By Sumit Roy
U.S. natural gas production climbed to a record 76.68 billion cubic feet per day in March, according to the latest data from the Energy Information Administration. That's up a notable 4.34 bcf/d, or 6 percent from a year ago. Excluding declining Gulf of Mexico production, output totaled 73.44 bcf/d, up nearly 5 bcf/d, or 7.2 percent from last year.
The massive increase in natural gas production is the sole reason prices haven't rallied even more from here. Inventories are at extremely low levels following the brutal 2013/2014 winter, and this production surge has been the saving grace.
While output has been rising rapidly, the demand side of the natural gas market hasn't been nearly as robust as bulls would like it. According to the EIA, industrial production was up 0.81 bcf/d year-over-year in March-a solid figure but not stellar by any means.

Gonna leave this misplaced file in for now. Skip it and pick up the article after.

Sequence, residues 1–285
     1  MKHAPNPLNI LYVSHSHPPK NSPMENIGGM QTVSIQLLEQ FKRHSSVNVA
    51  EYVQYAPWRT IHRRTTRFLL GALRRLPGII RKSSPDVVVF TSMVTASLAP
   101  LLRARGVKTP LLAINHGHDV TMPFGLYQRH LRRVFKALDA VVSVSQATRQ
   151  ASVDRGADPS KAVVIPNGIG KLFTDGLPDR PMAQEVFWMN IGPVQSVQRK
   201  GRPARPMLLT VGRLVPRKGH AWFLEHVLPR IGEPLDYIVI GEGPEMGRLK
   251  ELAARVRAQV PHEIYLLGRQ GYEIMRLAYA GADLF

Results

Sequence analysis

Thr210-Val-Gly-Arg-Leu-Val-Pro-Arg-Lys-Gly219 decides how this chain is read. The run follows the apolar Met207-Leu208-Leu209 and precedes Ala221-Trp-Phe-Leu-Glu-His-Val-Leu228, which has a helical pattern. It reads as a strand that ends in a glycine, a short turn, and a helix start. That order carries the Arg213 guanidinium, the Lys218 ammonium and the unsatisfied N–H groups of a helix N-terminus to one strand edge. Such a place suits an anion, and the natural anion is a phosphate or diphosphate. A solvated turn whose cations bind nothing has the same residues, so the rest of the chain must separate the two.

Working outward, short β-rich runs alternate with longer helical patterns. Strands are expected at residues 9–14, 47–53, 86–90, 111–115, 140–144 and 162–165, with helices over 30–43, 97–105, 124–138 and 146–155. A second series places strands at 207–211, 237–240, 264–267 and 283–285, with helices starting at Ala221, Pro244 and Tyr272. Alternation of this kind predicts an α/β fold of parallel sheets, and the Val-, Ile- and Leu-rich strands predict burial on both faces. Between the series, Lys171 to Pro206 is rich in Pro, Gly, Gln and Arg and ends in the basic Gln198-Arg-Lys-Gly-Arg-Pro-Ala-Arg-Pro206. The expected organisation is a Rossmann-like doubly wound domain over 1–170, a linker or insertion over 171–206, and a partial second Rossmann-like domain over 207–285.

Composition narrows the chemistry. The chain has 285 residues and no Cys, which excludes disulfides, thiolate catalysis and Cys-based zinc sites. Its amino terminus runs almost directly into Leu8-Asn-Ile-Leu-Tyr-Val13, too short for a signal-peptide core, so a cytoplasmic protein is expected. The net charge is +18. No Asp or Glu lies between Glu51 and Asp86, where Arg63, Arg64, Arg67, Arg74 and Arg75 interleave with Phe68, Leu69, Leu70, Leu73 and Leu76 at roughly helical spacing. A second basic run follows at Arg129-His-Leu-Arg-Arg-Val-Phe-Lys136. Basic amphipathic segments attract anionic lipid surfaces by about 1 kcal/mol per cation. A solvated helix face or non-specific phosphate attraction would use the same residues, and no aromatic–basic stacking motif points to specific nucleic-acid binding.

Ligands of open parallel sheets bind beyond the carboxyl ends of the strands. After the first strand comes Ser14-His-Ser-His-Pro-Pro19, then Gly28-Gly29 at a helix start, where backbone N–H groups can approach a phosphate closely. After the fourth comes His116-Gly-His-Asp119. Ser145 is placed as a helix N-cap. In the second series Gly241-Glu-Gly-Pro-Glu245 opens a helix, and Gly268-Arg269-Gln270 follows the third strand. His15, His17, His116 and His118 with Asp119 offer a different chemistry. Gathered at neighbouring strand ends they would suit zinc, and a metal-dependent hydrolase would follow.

At the same time, demand for generating electricity in March was down 1.42 bcf/d from a year ago. Electric power demand is tied closely to the weather, but with natural gas prices about 20 percent higher than last year, coal may regain some market share in the sector at the expense of gas. Longer term, natural gas should benefit as dirty coal power plants are shut down and replaced with gas-fueled plants.
Finally, the latest natural gas import and export data is worth mentioning as well. The EIA said that Canadian pipeline imports were down a modest 0.24 bcf/d in March, while Mexican exports were up an inconsequential 0.06 bcf/d.
Imports of liquefied natural gas (LNG) remained effectively at zero. At $4.60/mmbtu, U.S. prices remain well below prices for the rest of the world-around $10 to $20-discouraging imports.
Longer term, once the U.S. begins liquefying and exporting its natural gas, the country's prices may begin to rise and converge with the higher global prices. It remains to be seen when that will happen, but analysts have opined that the tipping point may be reached in 2018.